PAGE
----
Annals of Health Law
INTERVENING AT THE RIGHT POINT
both of Benach et al.’s criteria ( i.e., both diminished overall burdens of pain
and compressed global pain inequities).
In short, L&P approaches to ameliorating global pain are, like most
clinical medical interventions themselves, by their nature only applicable
proximal or subsequent to the onset of disease itself. They are therefore
unlikely to substantially diminish – and indeed, by most reliable measures
they have not diminished – global prevalence and incidence of pain.
Worse, since L&P interventions designed to reduce access barriers to
medical care will, if successful, generally facilitate agentic interventions,
medicalized L&P schemes run a very real risk of expanding the very global
pain inequities stakeholders are ethically charged with compressing.88 This
If the L&P interventions devoted to ameliorating global burdens of pain
have tended to be those inserted significantly downstream on the causal
pathway, the preferable policy correction is plain: categories of L&P
interventions that address upstream distal factors that constitute
fundamental causes of pain.89 Of what would such interventions consist?
Recall that fundamental causes involve access to resources that can be
used to avoid disease or to effectively manage its sequelae once it develops.
Such causes tend to (1) cause multiple diseases (many of which may result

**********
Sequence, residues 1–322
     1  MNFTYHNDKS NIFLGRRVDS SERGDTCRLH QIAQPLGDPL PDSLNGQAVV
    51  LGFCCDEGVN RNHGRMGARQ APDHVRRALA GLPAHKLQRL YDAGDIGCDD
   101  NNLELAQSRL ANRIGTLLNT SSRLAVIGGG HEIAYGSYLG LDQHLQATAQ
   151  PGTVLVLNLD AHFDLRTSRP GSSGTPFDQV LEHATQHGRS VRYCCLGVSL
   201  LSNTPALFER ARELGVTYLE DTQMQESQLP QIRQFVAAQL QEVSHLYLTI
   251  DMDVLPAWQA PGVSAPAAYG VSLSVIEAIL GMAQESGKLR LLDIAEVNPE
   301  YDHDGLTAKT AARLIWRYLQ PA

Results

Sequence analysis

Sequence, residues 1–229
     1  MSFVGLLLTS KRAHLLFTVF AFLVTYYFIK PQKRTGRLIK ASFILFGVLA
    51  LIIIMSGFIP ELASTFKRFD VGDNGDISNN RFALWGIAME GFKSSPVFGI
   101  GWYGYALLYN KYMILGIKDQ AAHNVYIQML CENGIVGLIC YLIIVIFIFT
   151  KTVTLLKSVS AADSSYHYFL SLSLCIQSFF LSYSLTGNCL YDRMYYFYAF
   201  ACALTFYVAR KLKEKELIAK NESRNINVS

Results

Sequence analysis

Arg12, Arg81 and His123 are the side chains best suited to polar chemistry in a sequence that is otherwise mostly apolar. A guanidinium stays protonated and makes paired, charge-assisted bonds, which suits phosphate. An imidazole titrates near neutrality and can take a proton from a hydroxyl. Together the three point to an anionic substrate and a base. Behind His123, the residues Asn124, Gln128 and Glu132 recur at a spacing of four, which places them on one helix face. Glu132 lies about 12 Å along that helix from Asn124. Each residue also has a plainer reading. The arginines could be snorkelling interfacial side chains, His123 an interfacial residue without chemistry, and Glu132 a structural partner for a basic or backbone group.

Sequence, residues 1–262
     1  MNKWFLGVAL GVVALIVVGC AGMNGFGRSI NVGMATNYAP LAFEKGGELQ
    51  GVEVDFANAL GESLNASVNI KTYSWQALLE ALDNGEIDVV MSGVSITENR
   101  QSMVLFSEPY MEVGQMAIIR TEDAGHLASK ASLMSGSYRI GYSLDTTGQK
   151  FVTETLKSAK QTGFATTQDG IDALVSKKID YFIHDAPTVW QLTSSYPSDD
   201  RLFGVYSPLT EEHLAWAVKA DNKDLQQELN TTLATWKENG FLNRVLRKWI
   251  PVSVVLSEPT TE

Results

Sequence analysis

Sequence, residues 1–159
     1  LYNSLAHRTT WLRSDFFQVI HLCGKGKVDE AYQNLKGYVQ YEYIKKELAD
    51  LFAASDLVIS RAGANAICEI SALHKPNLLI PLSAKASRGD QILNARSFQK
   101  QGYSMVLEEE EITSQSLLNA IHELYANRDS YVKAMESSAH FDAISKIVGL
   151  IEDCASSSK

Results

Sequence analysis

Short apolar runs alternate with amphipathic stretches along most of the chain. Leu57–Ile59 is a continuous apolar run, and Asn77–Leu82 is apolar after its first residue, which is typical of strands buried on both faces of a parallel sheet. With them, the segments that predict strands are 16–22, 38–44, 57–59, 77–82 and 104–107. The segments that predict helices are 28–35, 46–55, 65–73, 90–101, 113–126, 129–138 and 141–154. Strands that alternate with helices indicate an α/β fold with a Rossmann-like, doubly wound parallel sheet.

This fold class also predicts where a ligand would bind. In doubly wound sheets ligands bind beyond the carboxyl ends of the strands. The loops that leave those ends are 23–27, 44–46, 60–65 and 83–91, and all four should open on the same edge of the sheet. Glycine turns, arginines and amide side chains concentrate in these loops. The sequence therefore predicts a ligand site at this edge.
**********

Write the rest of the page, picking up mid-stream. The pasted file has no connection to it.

in pain), (2) contextualize multiple risk factors for pain, and (3) persist over
time.90 It is not difficult to postulate social and economic conditions that
are robustly correlated with pain outcomes and which satisfy these three
In recommending health policy approaches that avoid medicalization,
one obvious starting point is Rose’s whole population approach.91 The idea
here is that implementing policy interventions at structural levels that
resonate through an entire population as opposed to simply focusing on
high-risk groups will result in more substantial improvements to overall
population health at the same time they compress health inequities.92
88. See notes 77-80 supra & accompanying text.
89. Fundamental cause theory is young, having first been proposed in 1995. Although
the evidence base supporting the theory is growing, there are as yet no empirical studies
specifically designed to assess how certain kinds of pain fit the framework. However, given
that pain is comorbid with a host of diseases, some of which have been subjected to
evaluation under a fundamental cause rubric, there is every reason to suspect a fit reasonable
enough to generate the policy prescriptions adduced above. As noted in Part III, there is
little doubt that patterns of pain in human populations are strongly determined by social and
economic conditions. In any event, the notion that social and economic conditions are
fundamental causes of global pain is offered as a potentially useful frame rather than asserted
as a or the definitive explanation.
90. See note 52 supra.
91. See Benach et al., supra note 5; Theo Lorenc et. al., supra note 81.